‘Government should not manage railways’ says a BBC headline this week. ‘Cancelled, delayed, cancelled’ says the departure board at York as I try to reach Birmingham to meet some more of our excellent Economic Disruptor finalists. No industry could be in greater need of disruption than our rail network, crippled as it is by the Department for Transport’s ill-designed franchise policy and the incompetence of nationalised Network Rail. Now a review by former British Airways chief Keith Williams says the DfT must step back and a new independent body should be created to provide unified day-to-day management, while franchisees should have longer contracts but also be held to performance and punctuality targets.
If all this sounds like a reinvention of the Strategic Rail Authority that was scrapped by the Labour government in 2006, it also recalls the Fat Controller of fiction, much favoured by this column over the years. I fear my predecessor Christopher Fildes’s railway correspondent I.K. Gricer is too old and too thin to apply for the job, but I’m not: I’ll pop my CV in the post just as soon as I can get off this bloody train.
Bad for bioscience
The Woodford debacle rumbles on. Investors are still trapped in fallen-star fund manager Neil Woodford’s Equity Income fund which closed for redemptions last month; Woodford himself is still charging full fees on the fund and refusing to speak to the media, and regulators seem powerless to intervene. It’s all bad for the reputation of the funds industry — and, as I observed when the story broke, it’s particularly bad for UK bioscience, in which Woodford was one of the few early-stage investors.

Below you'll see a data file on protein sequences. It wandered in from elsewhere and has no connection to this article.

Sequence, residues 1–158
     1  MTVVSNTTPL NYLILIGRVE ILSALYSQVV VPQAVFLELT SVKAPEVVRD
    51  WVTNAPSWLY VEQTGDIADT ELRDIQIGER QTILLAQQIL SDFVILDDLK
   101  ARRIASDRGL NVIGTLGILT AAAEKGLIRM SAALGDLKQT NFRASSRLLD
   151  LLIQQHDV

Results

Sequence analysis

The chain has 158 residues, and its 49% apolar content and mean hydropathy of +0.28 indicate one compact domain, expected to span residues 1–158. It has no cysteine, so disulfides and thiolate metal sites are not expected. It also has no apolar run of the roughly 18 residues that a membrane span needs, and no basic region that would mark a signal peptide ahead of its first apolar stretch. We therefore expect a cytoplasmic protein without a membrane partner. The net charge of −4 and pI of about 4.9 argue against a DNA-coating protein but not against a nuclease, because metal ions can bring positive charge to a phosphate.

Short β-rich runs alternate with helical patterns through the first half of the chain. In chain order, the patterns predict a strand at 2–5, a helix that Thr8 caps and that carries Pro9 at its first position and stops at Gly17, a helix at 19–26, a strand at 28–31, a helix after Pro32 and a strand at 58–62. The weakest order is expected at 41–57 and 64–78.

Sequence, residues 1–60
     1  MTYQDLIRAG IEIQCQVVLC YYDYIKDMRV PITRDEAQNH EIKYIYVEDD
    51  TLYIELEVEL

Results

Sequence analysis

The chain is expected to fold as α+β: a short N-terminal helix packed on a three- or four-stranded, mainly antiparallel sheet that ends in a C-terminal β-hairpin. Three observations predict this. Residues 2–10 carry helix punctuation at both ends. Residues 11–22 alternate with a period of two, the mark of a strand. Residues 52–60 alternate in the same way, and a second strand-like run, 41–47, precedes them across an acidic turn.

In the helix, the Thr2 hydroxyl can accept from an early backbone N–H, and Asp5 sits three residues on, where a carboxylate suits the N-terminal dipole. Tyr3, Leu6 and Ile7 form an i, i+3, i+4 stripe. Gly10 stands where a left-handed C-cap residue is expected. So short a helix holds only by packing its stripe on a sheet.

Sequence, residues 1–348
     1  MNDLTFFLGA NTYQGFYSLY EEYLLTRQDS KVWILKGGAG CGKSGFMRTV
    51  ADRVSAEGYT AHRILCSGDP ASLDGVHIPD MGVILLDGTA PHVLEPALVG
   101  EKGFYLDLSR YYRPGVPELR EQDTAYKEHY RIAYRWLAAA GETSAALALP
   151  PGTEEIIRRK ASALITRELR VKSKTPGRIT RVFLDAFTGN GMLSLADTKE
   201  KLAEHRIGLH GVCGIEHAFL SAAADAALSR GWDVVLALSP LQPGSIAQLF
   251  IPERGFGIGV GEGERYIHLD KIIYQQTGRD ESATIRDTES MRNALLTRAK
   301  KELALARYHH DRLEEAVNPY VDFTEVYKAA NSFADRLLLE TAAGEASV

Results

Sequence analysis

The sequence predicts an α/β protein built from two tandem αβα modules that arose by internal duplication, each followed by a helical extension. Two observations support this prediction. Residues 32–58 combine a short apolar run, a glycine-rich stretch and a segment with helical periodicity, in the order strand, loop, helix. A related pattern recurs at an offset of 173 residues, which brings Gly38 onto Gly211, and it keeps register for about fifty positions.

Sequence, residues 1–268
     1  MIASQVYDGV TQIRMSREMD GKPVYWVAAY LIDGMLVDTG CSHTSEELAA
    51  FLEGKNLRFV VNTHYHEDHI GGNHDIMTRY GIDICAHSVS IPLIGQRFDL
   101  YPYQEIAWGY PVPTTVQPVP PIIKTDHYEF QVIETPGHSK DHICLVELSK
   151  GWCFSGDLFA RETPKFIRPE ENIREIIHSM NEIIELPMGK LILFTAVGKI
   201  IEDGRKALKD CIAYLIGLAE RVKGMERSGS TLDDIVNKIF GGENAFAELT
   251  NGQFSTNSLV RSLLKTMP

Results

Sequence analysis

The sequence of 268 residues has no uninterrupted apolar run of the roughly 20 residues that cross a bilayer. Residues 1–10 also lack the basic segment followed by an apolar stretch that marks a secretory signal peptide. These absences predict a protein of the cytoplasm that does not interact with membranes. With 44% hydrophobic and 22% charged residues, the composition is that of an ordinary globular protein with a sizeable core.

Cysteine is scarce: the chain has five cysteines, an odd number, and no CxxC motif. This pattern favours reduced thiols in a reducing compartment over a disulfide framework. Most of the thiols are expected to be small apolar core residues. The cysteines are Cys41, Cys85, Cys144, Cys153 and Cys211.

Recent conversations confirm the picture. Among top UK investment firms, only a handful besides Woodford declare themselves to be investors in biotech. One specialist put it to me that the typical British investor still prefers ‘empire sectors’ (finance, oil, mining, shipping, defence) and ‘softer stuff’ (media, fashion) while our scientists themselves are often hampered by ‘leftist disdain for monetising healthcare’. Meanwhile, the EU regulatory straitjacket known as Mifid 2 has squeezed the life out of small-company investment, leaving listed UK biotech companies (the likes of Angle and Avacta in our Optimists portfolio) at low valuations that hamper their ability to raise more capital. There’s hope of attracting that capital from the US and China, but that’s a mixed blessing if it drags the companies inexorably towards foreign ownership.
I wrote recently that despite the talent of Brits such as Jony Ive of Apple, the UK has played a remarkably small part in the digital revolution. Unless the Woodford episode is swiftly sorted, other UK investment professionals awake to the bargains available, and someone persuades Boris that ‘backing boffins’ makes a good speech line — then the best of bioscience will be the next piece of British genius to end up abroad.